Premenstrual syndrome, or PMS, refers to a group of symptoms that people who menstruate may experience during their menstrual cycle. Specifically, PMS tends to occur between ovulation and the start of your period.
Having PMS is no fun. You may experience physical, emotional and mental symptoms that interfere with your daily life. Symptoms may include mood swings, bloating, acne and headaches, according to the U.S. National Library of Medicine.
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PMS is very common. More than 90 percent of people who menstruate report experiencing some PMS symptoms, according to the Office on Women's Health.
Fortunately, there are some ways to reduce the symptoms. Low levels of certain nutrients may be a potential cause of your PMS symptoms, and adding them to your routine can help.
Vitamin D, calcium, B vitamins and magnesium are all nutrients that are essential for hormonal balance and are commonly associated with PMS symptoms, according to January 2018 research in the Cochrane Database of Systematic Reviews.
1. B Vitamins
B vitamins are important for overall health, and they play a role in energy production and metabolism. B vitamins may also play a role in reducing PMS symptoms.
Thiamine (vitamin B1) and riboflavin (vitamin B2) were found to significantly lower the risk of PMS in people who ate foods high in these B vitamins, according to a May 2011 study in The American Journal of Clinical Nutrition. It's worth noting that in this case, taking supplements didn't have the same effect.
B Vitamins to Try
2. Vitamin D
Vitamin D is an essential nutrient that most people don't get enough of. The sun is a great source of vitamin D, but many of us spend most of our hours indoors. While some foods have vitamin D, an estimated 42 percent of Americans are deficient in the nutrient, according to the Cleveland Clinic Mercy Hospital.
Low blood levels of vitamin D during the luteal phase of the menstrual cycle (which is the phase just before your period) have been linked to PMS symptoms, according to a February 2019 review in Obstetrics & Gynecology Science. Researchers recommend vitamin D supplementation as an inexpensive approach to reducing PMS symptoms.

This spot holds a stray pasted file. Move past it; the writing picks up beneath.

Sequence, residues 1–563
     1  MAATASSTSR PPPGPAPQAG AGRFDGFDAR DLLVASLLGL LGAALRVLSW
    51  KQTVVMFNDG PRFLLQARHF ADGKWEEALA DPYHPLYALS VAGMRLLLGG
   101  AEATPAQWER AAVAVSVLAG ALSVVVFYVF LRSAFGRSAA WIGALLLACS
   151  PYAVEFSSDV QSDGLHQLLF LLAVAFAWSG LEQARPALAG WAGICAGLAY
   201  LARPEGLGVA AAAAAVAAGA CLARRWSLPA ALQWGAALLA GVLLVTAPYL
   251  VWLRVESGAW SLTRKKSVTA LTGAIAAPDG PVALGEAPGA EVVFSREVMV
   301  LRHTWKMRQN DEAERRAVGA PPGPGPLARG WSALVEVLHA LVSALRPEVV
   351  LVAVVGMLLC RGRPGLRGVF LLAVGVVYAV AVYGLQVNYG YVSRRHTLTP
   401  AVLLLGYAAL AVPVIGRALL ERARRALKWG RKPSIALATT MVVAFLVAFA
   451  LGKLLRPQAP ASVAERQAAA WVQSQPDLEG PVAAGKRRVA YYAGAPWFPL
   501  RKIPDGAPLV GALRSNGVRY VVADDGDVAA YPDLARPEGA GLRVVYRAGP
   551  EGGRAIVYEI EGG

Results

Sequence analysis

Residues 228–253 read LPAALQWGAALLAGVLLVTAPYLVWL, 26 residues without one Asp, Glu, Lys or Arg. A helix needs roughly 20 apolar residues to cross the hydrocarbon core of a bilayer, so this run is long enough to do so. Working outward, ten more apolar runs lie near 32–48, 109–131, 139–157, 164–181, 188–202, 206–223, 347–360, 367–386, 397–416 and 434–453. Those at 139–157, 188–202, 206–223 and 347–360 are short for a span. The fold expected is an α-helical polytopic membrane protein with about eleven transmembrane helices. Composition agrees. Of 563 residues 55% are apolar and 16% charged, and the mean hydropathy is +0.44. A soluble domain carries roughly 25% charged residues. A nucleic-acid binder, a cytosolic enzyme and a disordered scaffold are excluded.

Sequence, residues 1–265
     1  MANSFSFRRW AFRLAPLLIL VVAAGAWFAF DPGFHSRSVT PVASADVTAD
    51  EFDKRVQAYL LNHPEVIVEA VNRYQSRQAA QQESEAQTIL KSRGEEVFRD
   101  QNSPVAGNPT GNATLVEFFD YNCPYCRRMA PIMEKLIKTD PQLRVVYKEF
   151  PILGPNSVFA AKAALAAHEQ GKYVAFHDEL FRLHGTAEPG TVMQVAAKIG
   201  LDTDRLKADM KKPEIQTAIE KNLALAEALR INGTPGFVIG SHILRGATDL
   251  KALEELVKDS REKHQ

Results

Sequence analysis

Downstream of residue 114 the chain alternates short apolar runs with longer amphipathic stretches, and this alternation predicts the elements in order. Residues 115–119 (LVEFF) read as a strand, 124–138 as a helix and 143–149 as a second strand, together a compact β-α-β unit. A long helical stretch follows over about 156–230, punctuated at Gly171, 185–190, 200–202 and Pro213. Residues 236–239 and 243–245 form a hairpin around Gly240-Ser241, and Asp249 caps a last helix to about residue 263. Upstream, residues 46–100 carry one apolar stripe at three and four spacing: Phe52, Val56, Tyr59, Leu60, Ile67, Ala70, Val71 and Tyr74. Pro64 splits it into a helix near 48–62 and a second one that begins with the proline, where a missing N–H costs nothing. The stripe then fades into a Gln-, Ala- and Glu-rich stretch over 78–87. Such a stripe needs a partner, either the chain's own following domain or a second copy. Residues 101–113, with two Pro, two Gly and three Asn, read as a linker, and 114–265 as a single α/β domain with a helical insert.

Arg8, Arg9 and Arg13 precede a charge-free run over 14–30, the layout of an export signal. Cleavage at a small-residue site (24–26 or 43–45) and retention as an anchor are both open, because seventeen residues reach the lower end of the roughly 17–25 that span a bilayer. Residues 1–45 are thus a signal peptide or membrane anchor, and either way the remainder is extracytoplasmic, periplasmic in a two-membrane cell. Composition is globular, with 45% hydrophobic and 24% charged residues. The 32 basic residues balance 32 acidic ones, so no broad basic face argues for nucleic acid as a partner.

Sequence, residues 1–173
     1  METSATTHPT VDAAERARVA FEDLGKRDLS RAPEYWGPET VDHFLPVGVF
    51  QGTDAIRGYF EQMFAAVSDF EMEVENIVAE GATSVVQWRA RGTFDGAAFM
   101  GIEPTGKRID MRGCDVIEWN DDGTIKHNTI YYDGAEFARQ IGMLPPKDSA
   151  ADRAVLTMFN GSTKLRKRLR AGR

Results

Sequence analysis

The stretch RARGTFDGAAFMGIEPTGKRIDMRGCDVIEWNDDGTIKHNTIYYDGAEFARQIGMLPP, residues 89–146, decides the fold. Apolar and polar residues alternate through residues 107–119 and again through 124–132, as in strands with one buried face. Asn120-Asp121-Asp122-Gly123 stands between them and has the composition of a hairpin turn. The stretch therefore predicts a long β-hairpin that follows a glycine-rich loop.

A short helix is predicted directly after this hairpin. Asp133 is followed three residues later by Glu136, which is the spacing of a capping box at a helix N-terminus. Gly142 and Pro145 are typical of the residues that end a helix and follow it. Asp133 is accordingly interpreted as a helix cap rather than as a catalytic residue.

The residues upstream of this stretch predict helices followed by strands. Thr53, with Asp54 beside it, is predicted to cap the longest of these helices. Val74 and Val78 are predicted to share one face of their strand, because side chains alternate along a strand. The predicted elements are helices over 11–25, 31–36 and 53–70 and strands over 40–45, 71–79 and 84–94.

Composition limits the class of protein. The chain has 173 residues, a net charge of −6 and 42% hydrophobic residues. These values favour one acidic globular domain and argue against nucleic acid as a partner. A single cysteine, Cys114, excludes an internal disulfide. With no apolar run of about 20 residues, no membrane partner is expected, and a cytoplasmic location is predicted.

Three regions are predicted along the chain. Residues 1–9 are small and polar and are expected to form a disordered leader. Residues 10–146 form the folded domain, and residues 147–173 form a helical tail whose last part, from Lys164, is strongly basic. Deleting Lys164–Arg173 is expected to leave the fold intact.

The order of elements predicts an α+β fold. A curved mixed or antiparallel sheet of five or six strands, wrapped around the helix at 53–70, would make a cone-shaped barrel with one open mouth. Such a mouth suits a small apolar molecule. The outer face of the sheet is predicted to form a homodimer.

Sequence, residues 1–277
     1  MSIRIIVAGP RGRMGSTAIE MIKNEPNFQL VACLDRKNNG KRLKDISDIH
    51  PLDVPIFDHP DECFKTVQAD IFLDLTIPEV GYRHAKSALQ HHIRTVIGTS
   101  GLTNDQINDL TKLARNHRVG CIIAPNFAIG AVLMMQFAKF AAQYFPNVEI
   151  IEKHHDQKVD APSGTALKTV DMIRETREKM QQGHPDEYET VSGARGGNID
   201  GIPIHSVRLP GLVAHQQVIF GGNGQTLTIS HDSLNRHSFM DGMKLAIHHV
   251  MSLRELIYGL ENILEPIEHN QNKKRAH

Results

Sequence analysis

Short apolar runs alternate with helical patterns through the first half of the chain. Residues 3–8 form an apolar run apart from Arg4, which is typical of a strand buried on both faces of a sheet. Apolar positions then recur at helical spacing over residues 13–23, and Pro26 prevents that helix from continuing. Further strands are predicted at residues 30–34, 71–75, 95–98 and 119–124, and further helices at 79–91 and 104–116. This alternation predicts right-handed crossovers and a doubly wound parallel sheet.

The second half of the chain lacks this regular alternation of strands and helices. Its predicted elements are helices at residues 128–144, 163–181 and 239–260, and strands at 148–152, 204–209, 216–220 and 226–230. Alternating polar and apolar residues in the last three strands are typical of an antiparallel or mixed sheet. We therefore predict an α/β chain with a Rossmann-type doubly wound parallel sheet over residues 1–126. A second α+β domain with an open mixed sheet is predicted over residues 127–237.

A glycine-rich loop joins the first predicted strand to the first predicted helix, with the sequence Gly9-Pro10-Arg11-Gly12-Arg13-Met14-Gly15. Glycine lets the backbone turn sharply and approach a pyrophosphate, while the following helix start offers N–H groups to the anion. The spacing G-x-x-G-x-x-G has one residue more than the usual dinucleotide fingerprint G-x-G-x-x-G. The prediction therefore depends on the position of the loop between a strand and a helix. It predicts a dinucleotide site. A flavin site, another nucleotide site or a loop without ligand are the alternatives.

Vitamin D Supplements to Try
Low levels of calcium during the luteal phase were also found to cause and worsen PMS symptoms, per the study in Obstetrics and Gynecology Science.
Taking calcium supplements may be especially helpful for mood-related PMS symptoms like mood swings, anxiety and depression, according to a January 2017 study in Obstetrics & Gynecology Science. A supplemental dose of 500 milligrams of calcium was suggested as an effective treatment for mood disorders during PMS.
Calcium Supplements to Try
Low levels of magnesium have also been linked to PMS symptoms. One theory is that high calcium levels interfere with magnesium absorption, resulting in low levels of the nutrient, according to Penn State Behrend.
Magnesium supplementation combined with vitamin B6 has been shown to be effective against PMS, according to a December 2010 study in the Iranian Journal of Nursing and Midwifery Research.
Magnesium Supplements to Try
Your overall diet and lifestyle could affect the severity of your PMS symptoms. People who smoke and eat a diet high in sugar, fat, salt and calories are more likely to experience PMS, according to an August 2019 study in Nutrients.
It can be difficult to pinpoint the cause of your PMS symptoms, and nutritional deficiencies may influence the severity. More research is needed in this area, but if you're concerned about PMS, talk to your doctor to see if your diet could be playing a role.
- Office on Women's Health: "Premenstrual syndrome (PMS)"
- U.S. National Library of Medicine: "Premenstrual Syndrome"
- Cleveland Clinic Mercy Hospital: “42% Percent of Americans Are Vitamin D Deficient. Are You Among Them?”
- Obstetrics & Gynecology Science: “A systematic review of the role of vitamin D and calcium in premenstrual syndrome”
- Penn State Behrend: “Premenstrual Syndrome”
- Cochrane Library: “Vitamin or mineral supplements for premenstrual syndrome”
- BMJ: “Calcium reduced PMS symptoms during the luteal phase of the menstrual cycle”
- Obstetrics & Gynecology Science: “Effect of calcium on premenstrual syndrome: A double-blind randomized clinical trial"
- The American Journal of Clinical Nutrition: “Dietary B vitamin intake and incident premenstrual syndrome”
- Iranian Journal of Nursing and Midwifery Research: “Evaluating the effect of magnesium and magnesium plus vitamin B6 supplement on the severity of premenstrual syndrome”
- Nutrients: "Premenstrual Syndrome Is Associated with Dietary and Lifestyle Behaviors among University Students: A Cross-Sectional Study from Sharjah, UAE"